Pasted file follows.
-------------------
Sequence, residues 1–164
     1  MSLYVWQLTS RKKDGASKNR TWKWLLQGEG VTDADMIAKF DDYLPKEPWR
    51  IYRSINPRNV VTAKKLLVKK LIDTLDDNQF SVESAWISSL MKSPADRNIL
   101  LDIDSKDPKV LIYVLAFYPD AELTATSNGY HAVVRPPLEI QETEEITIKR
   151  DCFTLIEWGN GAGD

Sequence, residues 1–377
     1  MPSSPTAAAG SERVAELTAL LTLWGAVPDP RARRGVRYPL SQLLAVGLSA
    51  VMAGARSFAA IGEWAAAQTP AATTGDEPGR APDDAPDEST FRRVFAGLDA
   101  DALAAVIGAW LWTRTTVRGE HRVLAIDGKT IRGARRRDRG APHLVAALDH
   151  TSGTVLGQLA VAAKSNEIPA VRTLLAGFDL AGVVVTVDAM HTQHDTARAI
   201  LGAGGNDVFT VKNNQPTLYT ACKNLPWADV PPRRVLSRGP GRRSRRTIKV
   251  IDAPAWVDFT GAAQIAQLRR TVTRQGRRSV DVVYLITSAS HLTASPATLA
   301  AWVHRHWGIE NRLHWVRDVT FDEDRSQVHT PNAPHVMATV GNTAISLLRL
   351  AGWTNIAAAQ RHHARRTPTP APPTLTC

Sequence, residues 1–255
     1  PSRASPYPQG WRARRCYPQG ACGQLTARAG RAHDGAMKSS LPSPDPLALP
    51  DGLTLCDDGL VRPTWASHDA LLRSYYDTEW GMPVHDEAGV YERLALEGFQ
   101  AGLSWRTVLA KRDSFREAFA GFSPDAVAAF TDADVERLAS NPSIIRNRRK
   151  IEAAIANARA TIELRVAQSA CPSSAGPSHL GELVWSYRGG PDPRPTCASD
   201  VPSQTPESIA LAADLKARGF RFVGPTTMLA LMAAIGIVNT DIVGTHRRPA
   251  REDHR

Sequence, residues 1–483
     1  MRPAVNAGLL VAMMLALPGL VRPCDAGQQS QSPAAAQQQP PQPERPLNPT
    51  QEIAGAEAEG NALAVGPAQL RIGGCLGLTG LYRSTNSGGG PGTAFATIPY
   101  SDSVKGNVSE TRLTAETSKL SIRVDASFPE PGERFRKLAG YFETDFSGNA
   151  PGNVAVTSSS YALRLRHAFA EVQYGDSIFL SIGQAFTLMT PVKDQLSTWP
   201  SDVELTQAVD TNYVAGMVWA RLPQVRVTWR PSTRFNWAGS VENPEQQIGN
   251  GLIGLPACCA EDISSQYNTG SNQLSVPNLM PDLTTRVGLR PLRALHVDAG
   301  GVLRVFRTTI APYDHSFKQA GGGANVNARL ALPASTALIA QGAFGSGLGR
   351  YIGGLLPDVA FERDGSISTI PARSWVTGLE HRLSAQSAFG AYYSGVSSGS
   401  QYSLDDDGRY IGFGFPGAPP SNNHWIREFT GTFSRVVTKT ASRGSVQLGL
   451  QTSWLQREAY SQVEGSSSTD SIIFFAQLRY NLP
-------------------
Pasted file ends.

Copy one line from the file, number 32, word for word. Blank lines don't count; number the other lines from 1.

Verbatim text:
   451  QTSWLQREAY SQVEGSSSTD SIIFFAQLRY NLP